How voters can fight climate change | July 18, 2008 | Mountain View Voice | Mountain View Online |

Mountain View Voice

Opinion - July 18, 2008

How voters can fight climate change

Last week the City Council considered a proposal to let Mountain View voters set specific goals for reducing the city's carbon emissions. Then they unanimously rejected the idea.

The proposed measure, put forth by some (but not all) members of the city's environmental sustainability task force, would have asked Mountain View voters whether the city should push for an 80 percent reduction in greenhouse gas emissions by 2050 and create a plan to meet that goal. Modeled after a Berkeley measure, it would have cost $25,000 to put on the November ballot.

The council was right to reject it, for two interrelated reasons. First, climate change is a global-scale problem, and from a policy standpoint it is best dealt with on the state or national level. Although reducing carbon emissions is also the responsibility of individuals, setting policies to do so should be up to our leaders in Washington, not City Hall.

The second reason was stated above: Reducing carbon emissions is the responsibility of individuals, and that means local citizens should do what they can to make sure they're living in an environmentally friendly way. But no city government can force them to do this. Conversely, no city government needs special permission from the voters to run its services, design its buildings, plan its streets — or even provide incentives to its citizens — with the goal of minimizing carbon emissions. They should just do those things anyway.

This last point was made at the council meeting by Cynthia Kapphahn, one of the task force members opposed to the measure.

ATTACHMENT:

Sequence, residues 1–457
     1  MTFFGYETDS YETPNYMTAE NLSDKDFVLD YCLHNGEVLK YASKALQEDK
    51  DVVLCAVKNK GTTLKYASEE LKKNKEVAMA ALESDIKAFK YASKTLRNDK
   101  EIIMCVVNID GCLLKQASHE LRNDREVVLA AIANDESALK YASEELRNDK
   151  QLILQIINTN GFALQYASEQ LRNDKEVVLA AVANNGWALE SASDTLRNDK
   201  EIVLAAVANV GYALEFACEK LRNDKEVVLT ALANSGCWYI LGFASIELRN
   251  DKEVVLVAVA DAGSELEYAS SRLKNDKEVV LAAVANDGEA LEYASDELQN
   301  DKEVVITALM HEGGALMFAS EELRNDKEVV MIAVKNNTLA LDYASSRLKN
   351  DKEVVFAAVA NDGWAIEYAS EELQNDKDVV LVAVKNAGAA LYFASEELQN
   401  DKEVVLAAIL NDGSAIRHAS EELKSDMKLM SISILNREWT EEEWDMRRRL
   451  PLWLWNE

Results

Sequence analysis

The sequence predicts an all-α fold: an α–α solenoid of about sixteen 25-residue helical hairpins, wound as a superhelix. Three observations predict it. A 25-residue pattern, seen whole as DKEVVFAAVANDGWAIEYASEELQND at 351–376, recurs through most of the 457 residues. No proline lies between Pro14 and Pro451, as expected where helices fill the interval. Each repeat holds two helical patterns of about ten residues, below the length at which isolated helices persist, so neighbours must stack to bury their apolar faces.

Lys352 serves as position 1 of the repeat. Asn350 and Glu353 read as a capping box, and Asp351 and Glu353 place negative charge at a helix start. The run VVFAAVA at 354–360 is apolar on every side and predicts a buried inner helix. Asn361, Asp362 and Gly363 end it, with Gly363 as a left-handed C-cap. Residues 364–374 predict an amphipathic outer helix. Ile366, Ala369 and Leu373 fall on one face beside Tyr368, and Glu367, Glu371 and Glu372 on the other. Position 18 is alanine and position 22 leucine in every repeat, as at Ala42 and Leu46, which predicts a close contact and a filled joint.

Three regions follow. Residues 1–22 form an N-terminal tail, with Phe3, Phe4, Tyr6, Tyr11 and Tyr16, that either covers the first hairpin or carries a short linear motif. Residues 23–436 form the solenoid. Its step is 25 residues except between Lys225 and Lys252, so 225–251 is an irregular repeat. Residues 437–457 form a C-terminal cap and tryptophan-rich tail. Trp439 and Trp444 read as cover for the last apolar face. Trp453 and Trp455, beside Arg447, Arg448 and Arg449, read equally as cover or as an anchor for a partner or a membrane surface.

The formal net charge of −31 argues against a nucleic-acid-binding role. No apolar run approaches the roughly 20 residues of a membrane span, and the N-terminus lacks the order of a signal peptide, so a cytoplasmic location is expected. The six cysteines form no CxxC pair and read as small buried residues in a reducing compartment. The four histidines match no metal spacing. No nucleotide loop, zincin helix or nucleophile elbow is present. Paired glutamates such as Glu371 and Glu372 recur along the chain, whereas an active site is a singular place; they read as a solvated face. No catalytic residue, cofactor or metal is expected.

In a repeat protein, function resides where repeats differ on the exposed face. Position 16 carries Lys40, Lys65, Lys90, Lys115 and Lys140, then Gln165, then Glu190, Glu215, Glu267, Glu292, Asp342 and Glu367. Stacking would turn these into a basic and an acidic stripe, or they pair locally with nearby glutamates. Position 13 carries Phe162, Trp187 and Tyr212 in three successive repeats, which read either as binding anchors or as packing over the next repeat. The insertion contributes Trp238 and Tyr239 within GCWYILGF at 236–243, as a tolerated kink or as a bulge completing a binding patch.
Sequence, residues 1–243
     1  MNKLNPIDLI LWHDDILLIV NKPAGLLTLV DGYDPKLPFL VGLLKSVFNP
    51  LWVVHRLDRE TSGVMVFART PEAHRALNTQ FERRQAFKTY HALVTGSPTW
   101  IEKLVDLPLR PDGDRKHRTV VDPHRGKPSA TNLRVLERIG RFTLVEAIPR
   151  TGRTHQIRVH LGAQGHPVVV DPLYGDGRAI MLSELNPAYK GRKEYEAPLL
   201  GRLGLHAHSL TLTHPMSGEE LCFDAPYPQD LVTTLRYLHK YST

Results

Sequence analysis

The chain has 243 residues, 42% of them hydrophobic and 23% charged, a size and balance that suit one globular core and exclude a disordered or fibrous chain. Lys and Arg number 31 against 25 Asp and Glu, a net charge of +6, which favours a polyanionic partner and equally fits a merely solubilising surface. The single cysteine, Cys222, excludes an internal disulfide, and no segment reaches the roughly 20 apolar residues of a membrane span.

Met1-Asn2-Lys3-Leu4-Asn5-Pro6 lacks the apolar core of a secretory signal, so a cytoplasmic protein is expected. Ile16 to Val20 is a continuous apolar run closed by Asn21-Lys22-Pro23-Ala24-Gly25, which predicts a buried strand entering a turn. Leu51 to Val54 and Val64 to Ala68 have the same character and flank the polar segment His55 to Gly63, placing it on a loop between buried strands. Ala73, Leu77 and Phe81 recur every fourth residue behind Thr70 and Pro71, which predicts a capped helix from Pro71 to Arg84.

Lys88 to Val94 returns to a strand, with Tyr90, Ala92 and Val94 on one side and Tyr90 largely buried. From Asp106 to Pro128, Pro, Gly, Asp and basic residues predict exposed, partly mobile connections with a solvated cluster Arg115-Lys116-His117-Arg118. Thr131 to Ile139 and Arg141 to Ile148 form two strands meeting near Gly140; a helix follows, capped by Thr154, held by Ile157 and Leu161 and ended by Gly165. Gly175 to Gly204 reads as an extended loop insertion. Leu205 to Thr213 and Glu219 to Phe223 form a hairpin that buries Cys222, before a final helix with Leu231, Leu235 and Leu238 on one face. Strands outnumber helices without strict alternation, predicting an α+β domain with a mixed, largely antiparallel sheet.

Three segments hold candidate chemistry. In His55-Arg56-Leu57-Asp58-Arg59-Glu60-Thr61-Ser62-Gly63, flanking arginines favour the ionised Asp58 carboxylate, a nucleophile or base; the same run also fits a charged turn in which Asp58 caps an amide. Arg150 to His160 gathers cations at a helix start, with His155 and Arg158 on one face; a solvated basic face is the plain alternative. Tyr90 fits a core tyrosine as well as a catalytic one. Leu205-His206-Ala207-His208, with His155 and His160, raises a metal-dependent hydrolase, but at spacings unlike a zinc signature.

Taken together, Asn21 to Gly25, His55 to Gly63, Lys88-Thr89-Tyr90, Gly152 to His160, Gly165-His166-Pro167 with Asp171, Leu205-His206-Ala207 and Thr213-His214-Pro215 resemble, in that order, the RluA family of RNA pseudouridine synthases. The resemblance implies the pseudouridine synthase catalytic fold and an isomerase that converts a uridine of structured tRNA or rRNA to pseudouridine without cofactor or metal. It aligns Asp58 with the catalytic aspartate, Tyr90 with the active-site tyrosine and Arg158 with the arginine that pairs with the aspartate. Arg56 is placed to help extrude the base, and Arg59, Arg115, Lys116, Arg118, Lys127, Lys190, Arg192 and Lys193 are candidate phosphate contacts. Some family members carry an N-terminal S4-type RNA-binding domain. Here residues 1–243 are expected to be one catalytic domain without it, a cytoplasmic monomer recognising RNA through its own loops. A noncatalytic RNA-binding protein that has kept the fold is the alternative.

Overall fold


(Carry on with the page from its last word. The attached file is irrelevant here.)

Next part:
"The council should take leadership, it should not be looking behind to find out if the community supports it," she said.

In light of all this, last week's street protest by members was at least looking in the right direction, i.e. towards Washington. The protesters, waving signs with messages such as "Big oil buys another president," said they wanted the public to know that Republican Sen. John McCain would be a bad choice this November.

Why? Because, they said, his connections to the oil industry will lead to even higher gas prices and increased carbon emissions.

This is strange reasoning, since higher gas prices have been so effective in getting people out of their cars. Years of dire predictions and several-hour commutes had no effect at all on drivers. But gas hits $4 a gallon, and it's standing-room-only on Caltrain.

It seems to us that a surefire way to get even more people out of their cars would be through a gas tax. That's a policy no one at City Hall can set — but the next president would be well positioned for it. (We suspect McCain would be much less inclined to support such a tax than his Democratic opponent, Sen. Barack Obama.)

Mountain View voters already have an important decision to make this November when it comes to climate change: Choose your next president wisely. As for the rest of the year, we can fight climate change by living responsibly — biking or walking, buying local produce, etc. — and on this score the environmental sustainability task force will no doubt be a great help and resource for the people of Mountain View.


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Posted by David
a resident of Monta Loma
on Jul 31, 2008 at 11:16 am

The editor is saying reduced driving and increased carbon emissions can't go hand in hand, but that's false. People could drive less, but pollution over all can still increase if industries that pollute or make products that pollute aren't forced to reduce emissions.
In fact, Bush and company are trying to stop California from reducing the pollution coming from new cars remember?

If you believe that our pollution problems really need to be tackled, higher prices is only going to go so far, which is not to say less driving is a bad thing, but much more is needed.

Also, if the price drops some amount will people just adjust and start driving more? This isn't really a plan is it? If you are really for reduced driving you should be asking for a higher gas tax.
(You could start by taxing windfall profits first - if you believe the rich should be taxed, no? Then you could add a tax based on cost to keep cost high and reduce driving, at least that seems to be what the Opinion wants.)

Finally, note headline in news today "Exxon Mobil 2Q profit sets US record". Reduced driving sure hasn't hurt profits for the oil industry.